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Retrofitting Older Cars with Electric Motors Could Transform Transport
Low emission battery-powered electric cars are still a tiny fraction of all cars sold despite offering cheaper running costs and eco-friendly credentials. The higher purchase price is one reason, but retrofitting older cars and trucks with electric motors could be the fix needed to turbocharge electric vehicle uptake.
Less than one percent of registered cars, vans, and trucks on American roads in 2020 was electric. Sales may have tripled since 2016, but new owners are put off by the fact that electric vehicles (EVs) are still 45 percent more expensive to make than gasoline or diesel cars.
Researchers at the University of California, Berkeley say they may be cheaper to build than internal combustion models in as little as five years. And replacing the engines in older cars with electric motors could make EVs affordable to millions more.
Ford and General Motors are among the big names offering electric conversion kits for drivers looking to keep their current car on the road while drastically lowering its emissions. General Motors announced its motor, battery, and converter kit in 2020. Ford is readying a drop-in 281 horsepower electric crate motor for sale.
Independent suppliers, auto-mechanics and startup companies also deliver and fit a wide range of conversion kits for everything from rusty old trucks to modish two-wheel scooters. But prices vary from $1,000s to $100,000s, and conversions take anywhere from hours to months.
Classic cars make up the high-value end of the conversion market as you might expect. Zero Labs in Los Angeles offers a platform electric drive chassis system for different classes of vehicles including 4x4 SUVs, pickups, and muscle cars, but it says its first edition classic rebuilds begin at $185,000.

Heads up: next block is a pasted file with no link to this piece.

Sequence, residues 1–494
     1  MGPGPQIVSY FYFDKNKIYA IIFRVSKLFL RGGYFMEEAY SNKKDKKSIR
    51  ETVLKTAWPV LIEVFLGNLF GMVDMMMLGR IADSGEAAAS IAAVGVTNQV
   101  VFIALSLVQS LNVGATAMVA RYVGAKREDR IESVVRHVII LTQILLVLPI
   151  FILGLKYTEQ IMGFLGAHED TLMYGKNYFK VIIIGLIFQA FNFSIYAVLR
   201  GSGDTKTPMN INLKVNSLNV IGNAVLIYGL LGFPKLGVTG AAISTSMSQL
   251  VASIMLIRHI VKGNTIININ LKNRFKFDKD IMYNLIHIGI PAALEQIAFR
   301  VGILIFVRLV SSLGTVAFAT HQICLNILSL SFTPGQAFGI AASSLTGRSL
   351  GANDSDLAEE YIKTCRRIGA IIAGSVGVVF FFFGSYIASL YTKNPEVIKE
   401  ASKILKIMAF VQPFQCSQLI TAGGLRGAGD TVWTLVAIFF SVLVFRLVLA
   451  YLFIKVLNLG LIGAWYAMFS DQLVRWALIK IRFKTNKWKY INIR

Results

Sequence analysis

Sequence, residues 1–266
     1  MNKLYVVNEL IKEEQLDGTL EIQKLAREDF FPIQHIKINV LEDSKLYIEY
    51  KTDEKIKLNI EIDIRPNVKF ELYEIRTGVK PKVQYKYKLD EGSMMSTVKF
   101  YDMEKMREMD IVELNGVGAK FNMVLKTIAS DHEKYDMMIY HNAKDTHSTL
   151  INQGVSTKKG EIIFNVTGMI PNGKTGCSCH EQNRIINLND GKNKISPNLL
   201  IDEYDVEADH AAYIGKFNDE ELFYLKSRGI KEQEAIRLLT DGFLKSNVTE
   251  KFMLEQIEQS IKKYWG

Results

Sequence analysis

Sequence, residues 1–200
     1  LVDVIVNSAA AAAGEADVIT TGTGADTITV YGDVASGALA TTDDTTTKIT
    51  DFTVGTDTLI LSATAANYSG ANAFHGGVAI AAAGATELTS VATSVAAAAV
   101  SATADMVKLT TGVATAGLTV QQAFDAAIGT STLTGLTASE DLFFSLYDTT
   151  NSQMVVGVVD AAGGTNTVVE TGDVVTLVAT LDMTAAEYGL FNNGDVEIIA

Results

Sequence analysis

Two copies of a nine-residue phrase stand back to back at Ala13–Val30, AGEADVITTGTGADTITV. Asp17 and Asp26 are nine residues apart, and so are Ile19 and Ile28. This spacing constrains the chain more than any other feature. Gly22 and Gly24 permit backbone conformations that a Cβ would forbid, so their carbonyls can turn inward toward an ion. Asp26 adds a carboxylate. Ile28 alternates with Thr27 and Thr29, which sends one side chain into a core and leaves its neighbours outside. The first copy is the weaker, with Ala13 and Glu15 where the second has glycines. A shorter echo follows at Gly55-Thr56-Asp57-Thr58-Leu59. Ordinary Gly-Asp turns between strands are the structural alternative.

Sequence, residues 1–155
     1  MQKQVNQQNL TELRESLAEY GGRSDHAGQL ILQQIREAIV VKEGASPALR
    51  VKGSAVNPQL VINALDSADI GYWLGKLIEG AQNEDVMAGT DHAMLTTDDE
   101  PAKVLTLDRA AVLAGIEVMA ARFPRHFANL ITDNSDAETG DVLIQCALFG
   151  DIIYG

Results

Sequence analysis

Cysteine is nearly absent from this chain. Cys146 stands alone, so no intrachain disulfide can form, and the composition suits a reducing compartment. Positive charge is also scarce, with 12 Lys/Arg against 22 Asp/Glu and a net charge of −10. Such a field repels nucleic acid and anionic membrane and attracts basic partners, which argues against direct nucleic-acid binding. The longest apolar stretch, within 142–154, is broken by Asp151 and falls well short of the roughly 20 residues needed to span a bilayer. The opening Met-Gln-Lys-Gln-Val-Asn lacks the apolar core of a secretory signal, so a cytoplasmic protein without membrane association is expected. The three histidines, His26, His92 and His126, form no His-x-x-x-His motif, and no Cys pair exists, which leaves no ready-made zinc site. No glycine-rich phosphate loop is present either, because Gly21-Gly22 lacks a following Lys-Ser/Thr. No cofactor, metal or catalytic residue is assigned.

London Electric is a UK company offering conversion for original Minis, Land Rovers, and Morris classic cars, starting at $40,000-plus and taking on average three to four months. Certainly more affordable, but hardly small change.
Conversion for mass production models should be less expensive, and if take-up is to be effective then it needs to be to stay within the reach of most car owners. New Electric is a Dutch-Irish company, that is taking experience gathered from boat refits and applying it to cars. The company can either cheaply convert a car or teach owners how to do it themselves for as little as $1,200.
Retrofitting cars destined for the scrap heap by replacing the internal combustion engine allows New Electric to give older car stock a new lease of life. As more and more retrofit companies emerge, then mass adoption could contribute effectively to tackling climate change.
Transitioning from fossil fuel cars to electric will take time and retrofitting needs regulation oversight for it to be safe and effective. Electrification of car stock brings its own complications. Carmakers are in the midst of a chip shortage, better rapid charging infrastructure needs to be put in place, and the national electric grid will need an upgrade likely costing more than $100 billion.
On top of that, there are likely to be shortages of essential metallic elements like nickel and lithium used in EV batteries. Analysts say that forces EV makers to look at alternative battery technologies, including solid-state batteries with faster charging times and longer life, and the auto industry has invested heavily to find solutions.
That will likely leave room for hydrogen fuel cell electric vehicles (FCEVs) to take an inside track. FCEV use is likely to increase over time, but one company – Seatlle-based Hytech – has created an alternative low power drop-in electrolyzer to create hydrogen for ignition.
Hytech’s proton exchange membrane electrolyzer uses a metal hydride liquid solution to produce hydrogen that is burned in the vehicle’s engine. By retrofitting internal combustion vehicles to use zero-carbon hydrogen, the company hopes to create green transport for a fraction of the cost of buying a new battery EV or FCEV.